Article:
In the ideal world, everyone involved in a partnership is enthusiastically supporting the partnership and moving it forward. Unfortunately, the world is not always ideal and there will be stakeholders in your alliance who do not like it or like it less than you would like them to. Work these stakeholders to transform them into real supporters for your partnership.
In an alliance, the alliance manager will need to spend a substantial amount of time in his/her own organization to align the stakeholders to the goals and objectives of an alliance and to secure their support to go forward in the execution. Norma Watenpaugh of Phoenix Consulting Group describes on her website a useful matrix that might help you to understand and to manage the task of alignment more effectively.
The matrix is a two by two, like the one shown. In this matrix, you can classify the stakeholders based on their behavior and buy-in and you can approach them accordingly.
Champions are the kind of people you would like to have in your alliance. You, as the alliance manager, should be a champion, and so should your executive sponsor. Champions are highly accountable and highly committed. They are moving the partnership forward.
Cheerleaders are great supporters of the partnership, but they have no accountability for its success. You want these people on your team for their positive attitude; they may be able to be transformed into champions by giving them more accountability.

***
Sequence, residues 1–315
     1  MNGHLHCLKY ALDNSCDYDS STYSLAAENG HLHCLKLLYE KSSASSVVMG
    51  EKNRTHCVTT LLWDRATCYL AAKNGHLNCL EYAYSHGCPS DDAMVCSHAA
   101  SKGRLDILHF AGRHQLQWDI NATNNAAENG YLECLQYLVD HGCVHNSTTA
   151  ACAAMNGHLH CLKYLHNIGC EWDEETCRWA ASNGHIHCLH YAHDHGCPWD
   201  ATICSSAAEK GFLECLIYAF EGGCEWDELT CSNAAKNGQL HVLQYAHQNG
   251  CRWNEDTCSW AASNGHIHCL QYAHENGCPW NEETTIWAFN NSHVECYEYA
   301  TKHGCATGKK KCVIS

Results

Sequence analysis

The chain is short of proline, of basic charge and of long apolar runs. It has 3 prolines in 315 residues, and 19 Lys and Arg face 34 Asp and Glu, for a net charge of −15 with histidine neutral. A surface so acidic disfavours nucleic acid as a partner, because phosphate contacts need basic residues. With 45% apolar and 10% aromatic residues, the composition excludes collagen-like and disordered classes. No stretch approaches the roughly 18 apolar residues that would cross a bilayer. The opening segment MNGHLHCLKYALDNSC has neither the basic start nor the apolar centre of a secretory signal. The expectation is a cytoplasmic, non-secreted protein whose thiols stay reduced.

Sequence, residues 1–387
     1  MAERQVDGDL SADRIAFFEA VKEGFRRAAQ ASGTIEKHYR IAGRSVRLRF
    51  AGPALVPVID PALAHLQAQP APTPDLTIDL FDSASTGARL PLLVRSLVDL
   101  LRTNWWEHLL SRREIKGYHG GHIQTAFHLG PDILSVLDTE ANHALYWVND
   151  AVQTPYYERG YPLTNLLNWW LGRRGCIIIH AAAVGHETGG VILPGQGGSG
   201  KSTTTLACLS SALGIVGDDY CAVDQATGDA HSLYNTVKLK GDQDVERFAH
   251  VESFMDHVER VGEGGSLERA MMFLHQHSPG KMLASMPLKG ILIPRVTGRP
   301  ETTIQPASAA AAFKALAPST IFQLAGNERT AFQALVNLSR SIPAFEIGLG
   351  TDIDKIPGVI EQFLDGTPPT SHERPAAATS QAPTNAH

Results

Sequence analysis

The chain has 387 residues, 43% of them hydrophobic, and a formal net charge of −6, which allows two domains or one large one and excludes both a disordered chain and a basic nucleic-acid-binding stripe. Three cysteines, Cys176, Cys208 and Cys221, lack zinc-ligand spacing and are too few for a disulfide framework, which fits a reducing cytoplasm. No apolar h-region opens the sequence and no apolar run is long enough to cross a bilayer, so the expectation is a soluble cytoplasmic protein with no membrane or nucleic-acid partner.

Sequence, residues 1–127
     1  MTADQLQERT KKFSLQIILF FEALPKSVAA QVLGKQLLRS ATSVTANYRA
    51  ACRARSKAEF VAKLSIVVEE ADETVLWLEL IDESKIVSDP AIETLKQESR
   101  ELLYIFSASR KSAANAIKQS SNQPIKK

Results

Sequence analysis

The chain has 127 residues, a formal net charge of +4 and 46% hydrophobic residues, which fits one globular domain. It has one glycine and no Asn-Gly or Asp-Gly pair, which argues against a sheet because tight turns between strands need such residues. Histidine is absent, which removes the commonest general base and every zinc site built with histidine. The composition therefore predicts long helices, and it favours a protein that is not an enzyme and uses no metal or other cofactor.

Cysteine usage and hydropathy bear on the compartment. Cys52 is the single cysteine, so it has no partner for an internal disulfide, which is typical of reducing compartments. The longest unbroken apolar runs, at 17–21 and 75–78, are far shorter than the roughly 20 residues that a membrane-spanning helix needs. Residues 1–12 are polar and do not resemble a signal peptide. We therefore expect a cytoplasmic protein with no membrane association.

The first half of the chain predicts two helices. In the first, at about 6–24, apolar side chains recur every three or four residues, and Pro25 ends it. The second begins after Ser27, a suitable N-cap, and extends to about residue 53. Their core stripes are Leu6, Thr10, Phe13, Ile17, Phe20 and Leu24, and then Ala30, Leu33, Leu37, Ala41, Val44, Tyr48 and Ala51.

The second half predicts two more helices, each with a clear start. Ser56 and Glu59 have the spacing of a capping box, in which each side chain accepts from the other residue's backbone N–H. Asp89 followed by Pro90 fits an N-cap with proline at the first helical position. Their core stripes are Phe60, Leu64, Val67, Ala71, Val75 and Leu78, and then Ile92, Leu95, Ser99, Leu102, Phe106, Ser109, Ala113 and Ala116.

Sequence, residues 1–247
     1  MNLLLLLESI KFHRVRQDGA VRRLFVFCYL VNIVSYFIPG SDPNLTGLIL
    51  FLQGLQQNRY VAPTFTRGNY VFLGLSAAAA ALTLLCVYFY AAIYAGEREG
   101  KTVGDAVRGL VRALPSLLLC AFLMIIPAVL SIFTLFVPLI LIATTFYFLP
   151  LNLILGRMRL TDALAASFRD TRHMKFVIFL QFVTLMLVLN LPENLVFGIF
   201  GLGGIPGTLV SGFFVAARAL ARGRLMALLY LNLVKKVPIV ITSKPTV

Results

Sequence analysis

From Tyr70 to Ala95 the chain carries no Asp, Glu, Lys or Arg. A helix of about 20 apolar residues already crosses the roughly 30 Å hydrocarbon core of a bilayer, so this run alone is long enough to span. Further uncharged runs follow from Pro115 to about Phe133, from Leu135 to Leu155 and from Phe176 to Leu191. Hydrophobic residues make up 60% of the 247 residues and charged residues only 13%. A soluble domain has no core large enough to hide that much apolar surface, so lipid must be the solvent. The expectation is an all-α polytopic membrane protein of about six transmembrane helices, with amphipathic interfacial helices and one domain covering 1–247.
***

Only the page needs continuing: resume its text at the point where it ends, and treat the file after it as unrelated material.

Hostages are somewhat stuck. They don’t believe in the alliance, they have no commitment, but they are still accountable for their job responsibilities in the alliance. They will most likely fulfill their minimum obligations, but they do not take any proactive measures to ensure the success of the overall alliance.
Snipers are the dangerous ones: it might not always be clear who they are. They do not support the alliance and they have no accountability for its success. They might actually even benefit in seeing your alliance fail. Their goals might be in conflict with the goals of the alliance.
Maybe you recognize these people in your own partnerships. By classifying the stakeholders in a matrix like this, you will learn who you need to deal with and how. Hostages and snipers will have priority to be dealt with. Having them look for other assignments might not be the best solution and you may not even be in the position to ask them to do so. A stakeholder that is not supportive will often find its root cause in lack of information; he/she might not understand the alliance and the benefits it will bring to the organization and their role in it. A good approach to a solution is to meet with these unsupportive stakeholders early on and address their concerns. Maybe you can convince them of the value of the partnership and hence move them to one of the other quadrants.
This article is part of a series of articles extending upon the 25 tips for successful partnerships & alliances article. These 25 tips have been rewritten and published in the eBook “25 tips for successful partnerships & alliances” that can be downloaded for free.